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National Advocacy on Behalf of the Poor: An Analysis of Organizational Decision-Making
Unformatted Document Text:  War on Poverty. Differences in the organizations’ structures mediated what form this attention would take. W HY AND H OW G ROUPS S HIFT THEIR P RIORITIES Pluralists argue that competition among organizations allows multiple voices to be heard within the US political system – power is dispersed among groups of citizens with common preferences and no one group of elites holds disproportionate levels of power (Truman, 1960 [1951]; Dahl, 1961). Instead, groups and group leaders strive to attract members or ideological adherents. This creates competition among groups and ensures that all people have the opportunity to gain representation – some group or group leader will always be seeking their support. Because pluralist theory emphasizes competition within the political system, scholars pay attention to what types of groups exist, how groups form and maintain themselves, and who, in terms of group interest, is represented in the US political system. However, such research rarely examines the internal priority-setting processes within groups. 11 Indeed, usually organizational goals and priorities have already been determined at the point when scholars examine organizational behavior. Although few scholars have analyzed the internal decision- making processes of organizations, many have noted the importance of such analysis. 12 A group’s internal response to external factors often determines its organizational priorities. 13 In their analysis of incentive systems, Clark and Wilson argue that a group will face 11 Extensive research examines the internal structure of groups, and the influence of structure on group operations. As I explain throughout this paper, I am more specifically interested in the influence of internal structural factors on priority-setting and decision-making. Works that focus upon internal dynamics and their influence on priority-setting include: Moe, 1980; Rothenberg, 1992; McFarland 1984; Barakso, 2004. On the internal structures of organizations and the significance of structure to group operations, without specific application to priority-setting, see, for example: Michels, 1949; Lipset, Trow, and Coleman, 1956; Truman, 1960 [1951]; Greenstone, 1969; Hrebenar and Scott, 1982; Bacharach and Lawler, 1982; Wilson, 1995 [1973]; Clemens, 1997; Pollenta, 2002. 12 See Tierney in Crotty, Schwartz, and Green, 1984; and Baumgartner and Leech, 1998. 13 Increasingly, scholars recognize the importance of external factors and their effects on organizational decision- making. See Baumgartner and Leech 1998; Walker 1991; Hrebenar and Scott, 1982; Gray and Lowery, 1996; Browne, 1998; Berry, 2003; Salisbury, 1984; Tarrow, 1984; McFarland, 1992. 8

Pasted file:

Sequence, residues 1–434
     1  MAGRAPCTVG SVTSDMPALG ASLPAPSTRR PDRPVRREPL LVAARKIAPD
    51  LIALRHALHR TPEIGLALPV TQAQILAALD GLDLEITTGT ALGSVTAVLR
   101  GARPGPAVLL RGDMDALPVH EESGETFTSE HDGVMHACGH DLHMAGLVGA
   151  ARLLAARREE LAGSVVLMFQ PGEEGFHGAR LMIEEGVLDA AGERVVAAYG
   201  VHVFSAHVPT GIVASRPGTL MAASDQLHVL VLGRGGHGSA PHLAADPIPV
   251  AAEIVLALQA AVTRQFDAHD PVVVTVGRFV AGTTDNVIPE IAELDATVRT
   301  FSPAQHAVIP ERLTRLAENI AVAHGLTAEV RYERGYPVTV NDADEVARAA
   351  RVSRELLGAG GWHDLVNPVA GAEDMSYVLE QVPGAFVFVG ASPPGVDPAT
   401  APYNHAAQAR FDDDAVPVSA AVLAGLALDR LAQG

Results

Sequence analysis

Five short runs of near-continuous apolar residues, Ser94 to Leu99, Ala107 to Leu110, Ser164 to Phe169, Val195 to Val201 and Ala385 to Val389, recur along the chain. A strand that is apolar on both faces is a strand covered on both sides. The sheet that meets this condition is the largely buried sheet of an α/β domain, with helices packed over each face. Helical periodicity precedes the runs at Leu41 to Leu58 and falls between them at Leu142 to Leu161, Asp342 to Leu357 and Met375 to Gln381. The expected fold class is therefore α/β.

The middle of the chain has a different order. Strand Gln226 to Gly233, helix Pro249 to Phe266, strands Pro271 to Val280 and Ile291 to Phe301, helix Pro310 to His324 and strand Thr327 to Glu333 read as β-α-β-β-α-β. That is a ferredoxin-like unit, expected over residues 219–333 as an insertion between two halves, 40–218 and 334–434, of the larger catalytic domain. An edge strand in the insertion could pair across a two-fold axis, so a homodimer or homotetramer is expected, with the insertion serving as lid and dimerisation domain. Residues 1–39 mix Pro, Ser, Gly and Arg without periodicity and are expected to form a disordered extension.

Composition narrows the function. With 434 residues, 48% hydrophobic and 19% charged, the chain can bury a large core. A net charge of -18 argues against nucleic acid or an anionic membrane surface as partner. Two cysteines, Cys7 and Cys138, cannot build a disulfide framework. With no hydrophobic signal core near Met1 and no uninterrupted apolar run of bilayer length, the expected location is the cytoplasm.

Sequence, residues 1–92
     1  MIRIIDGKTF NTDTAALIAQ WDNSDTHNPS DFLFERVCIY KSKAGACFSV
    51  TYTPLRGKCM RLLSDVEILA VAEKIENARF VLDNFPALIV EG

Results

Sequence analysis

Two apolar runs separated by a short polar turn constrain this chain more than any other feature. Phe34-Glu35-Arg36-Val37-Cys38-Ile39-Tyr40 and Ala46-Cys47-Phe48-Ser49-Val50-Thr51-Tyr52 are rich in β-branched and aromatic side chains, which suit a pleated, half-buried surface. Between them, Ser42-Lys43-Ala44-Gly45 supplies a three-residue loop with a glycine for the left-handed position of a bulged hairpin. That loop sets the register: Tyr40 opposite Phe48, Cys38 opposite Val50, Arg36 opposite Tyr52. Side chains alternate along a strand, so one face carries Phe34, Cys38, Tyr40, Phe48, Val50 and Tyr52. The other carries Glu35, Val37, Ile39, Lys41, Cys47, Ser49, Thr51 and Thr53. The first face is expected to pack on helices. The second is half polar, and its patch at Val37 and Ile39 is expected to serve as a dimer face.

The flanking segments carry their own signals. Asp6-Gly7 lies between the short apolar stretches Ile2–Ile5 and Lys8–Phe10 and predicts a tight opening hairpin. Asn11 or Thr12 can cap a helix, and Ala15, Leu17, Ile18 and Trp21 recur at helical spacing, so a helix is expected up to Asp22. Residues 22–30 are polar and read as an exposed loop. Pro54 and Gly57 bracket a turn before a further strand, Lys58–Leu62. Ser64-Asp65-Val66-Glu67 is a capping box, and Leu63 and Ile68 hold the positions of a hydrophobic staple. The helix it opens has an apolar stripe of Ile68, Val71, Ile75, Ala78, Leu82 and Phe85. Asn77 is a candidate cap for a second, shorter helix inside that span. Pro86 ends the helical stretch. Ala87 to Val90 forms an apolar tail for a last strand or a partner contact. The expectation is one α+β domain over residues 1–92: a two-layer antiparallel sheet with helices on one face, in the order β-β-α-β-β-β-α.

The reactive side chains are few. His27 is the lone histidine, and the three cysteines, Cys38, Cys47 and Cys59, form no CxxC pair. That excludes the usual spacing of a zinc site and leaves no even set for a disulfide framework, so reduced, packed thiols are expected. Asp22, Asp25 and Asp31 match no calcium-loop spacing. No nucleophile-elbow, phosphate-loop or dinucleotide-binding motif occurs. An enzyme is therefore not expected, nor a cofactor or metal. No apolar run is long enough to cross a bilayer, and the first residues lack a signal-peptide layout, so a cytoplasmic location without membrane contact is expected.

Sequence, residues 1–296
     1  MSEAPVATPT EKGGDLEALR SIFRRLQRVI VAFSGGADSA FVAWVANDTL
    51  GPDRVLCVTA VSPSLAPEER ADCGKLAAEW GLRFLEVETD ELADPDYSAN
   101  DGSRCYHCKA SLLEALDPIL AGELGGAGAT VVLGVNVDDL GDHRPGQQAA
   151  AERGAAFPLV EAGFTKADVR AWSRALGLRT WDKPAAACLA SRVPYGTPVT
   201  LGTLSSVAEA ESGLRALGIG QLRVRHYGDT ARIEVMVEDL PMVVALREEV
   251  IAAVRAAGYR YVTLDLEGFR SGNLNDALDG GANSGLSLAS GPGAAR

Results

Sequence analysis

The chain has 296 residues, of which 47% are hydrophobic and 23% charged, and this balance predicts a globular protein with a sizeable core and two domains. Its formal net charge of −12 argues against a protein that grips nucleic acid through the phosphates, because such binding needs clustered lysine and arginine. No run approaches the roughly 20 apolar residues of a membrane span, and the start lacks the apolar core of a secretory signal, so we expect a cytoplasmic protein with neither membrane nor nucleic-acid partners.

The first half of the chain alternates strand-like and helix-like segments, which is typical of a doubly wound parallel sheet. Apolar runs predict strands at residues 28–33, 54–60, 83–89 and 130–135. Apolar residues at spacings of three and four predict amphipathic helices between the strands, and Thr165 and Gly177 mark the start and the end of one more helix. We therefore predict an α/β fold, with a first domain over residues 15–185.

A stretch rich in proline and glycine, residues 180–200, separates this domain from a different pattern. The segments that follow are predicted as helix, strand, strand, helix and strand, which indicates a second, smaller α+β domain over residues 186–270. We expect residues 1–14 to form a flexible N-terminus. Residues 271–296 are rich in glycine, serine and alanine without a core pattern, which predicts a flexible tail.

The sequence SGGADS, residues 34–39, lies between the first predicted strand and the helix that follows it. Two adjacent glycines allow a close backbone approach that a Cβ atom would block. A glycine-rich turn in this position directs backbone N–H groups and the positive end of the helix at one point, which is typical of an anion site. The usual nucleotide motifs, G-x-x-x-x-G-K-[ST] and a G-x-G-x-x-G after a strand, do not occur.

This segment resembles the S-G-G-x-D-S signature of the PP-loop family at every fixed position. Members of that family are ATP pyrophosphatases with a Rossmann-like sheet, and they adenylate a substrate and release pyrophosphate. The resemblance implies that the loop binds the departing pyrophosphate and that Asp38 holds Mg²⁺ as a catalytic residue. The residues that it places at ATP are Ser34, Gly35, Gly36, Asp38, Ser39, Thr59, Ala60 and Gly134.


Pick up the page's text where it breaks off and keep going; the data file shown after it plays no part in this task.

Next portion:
Authors: Paden, Catherine.
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background image
War on Poverty.  Differences in the organizations’ structures mediated what form this attention 
would take.  
W
HY
 
AND
 H
OW
 G
ROUPS
 S
HIFT
 
THEIR
 P
RIORITIES
Pluralists argue that competition among organizations allows multiple voices to be heard 
within the US political system – power is dispersed among groups of citizens with common 
preferences and no one group of elites holds disproportionate levels of power (Truman, 1960 
[1951]; Dahl, 1961).  Instead, groups and group leaders strive to attract members or ideological 
adherents.  This creates competition among groups and ensures that all people have the 
opportunity to gain representation – some group or group leader will always be seeking their 
support.  Because pluralist theory emphasizes competition within the political system, scholars 
pay attention to what types of groups exist, how groups form and maintain themselves, and who, 
in terms of group interest, is represented in the US political system.  However, such research 
rarely examines the internal priority-setting processes within groups.
  Indeed, usually 
organizational goals and priorities have already been determined at the point when scholars 
examine organizational behavior.  Although few scholars have analyzed the internal decision-
making processes of organizations, many have noted the importance of such analysis.
A group’s internal response to external factors often determines its organizational 
priorities.
  In their analysis of incentive systems, Clark and Wilson argue that a group will face 
11
 Extensive research examines the internal structure of groups, and the influence of structure on group operations. 
As I explain throughout this paper, I am more specifically interested in the influence of internal structural factors on 
priority-setting and decision-making.  Works that focus upon internal dynamics and their influence on priority-
setting include: Moe, 1980; Rothenberg, 1992; McFarland 1984; Barakso, 2004.  On the internal structures of 
organizations and the significance of structure to group operations, without specific application to priority-setting, 
see, for example: Michels, 1949; Lipset, Trow, and Coleman, 1956; Truman, 1960 [1951]; Greenstone, 1969; 
Hrebenar and Scott, 1982; Bacharach and Lawler, 1982; Wilson, 1995 [1973]; Clemens, 1997; Pollenta, 2002.  
12
 See Tierney in Crotty, Schwartz, and Green, 1984; and Baumgartner and Leech, 1998.  
13
 Increasingly, scholars recognize the importance of external factors and their effects on organizational decision-
making.  See Baumgartner and Leech 1998; Walker 1991; Hrebenar and Scott, 1982; Gray and Lowery, 1996; 
Browne, 1998; Berry, 2003; Salisbury, 1984; Tarrow, 1984; McFarland, 1992. 
8


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